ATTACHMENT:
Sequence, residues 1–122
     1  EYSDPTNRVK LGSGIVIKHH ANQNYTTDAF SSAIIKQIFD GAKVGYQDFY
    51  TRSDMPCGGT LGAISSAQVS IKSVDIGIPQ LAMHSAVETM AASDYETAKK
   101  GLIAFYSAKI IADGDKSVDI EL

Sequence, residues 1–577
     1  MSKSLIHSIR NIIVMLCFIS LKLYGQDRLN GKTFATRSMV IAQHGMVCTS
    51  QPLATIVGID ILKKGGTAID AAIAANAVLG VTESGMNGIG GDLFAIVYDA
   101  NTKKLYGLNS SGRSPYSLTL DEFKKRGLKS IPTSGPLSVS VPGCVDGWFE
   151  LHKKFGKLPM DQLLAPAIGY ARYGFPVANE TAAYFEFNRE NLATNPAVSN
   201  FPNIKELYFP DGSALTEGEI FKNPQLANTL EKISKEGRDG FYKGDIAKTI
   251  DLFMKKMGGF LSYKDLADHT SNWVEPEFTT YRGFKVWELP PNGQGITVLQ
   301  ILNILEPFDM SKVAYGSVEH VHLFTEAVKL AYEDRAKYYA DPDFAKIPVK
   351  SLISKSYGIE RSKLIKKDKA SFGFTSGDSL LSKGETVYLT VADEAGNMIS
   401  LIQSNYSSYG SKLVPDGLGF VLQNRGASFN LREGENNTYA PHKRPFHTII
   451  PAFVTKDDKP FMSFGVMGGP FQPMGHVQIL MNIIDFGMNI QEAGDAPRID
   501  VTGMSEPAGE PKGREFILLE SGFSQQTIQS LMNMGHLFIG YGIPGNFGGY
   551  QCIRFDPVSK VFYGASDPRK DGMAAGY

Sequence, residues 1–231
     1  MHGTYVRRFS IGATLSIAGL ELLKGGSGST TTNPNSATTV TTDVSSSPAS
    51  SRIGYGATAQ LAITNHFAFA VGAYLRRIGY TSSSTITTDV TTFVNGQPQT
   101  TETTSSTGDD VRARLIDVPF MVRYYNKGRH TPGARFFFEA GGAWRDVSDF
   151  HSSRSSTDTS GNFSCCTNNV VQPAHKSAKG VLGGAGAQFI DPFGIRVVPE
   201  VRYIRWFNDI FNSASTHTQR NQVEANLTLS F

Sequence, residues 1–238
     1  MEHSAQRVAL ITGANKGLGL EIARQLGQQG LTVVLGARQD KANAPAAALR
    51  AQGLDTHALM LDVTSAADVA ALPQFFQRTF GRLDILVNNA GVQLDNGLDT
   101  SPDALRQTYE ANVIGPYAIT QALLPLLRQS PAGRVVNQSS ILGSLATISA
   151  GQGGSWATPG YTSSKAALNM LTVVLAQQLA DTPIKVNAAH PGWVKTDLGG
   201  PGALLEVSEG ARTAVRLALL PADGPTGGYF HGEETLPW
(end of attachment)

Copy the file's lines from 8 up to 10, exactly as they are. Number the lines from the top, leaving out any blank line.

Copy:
   101  NTKKLYGLNS SGRSPYSLTL DEFKKRGLKS IPTSGPLSVS VPGCVDGWFE
   151  LHKKFGKLPM DQLLAPAIGY ARYGFPVANE TAAYFEFNRE NLATNPAVSN
   201  FPNIKELYFP DGSALTEGEI FKNPQLANTL EKISKEGRDG FYKGDIAKTI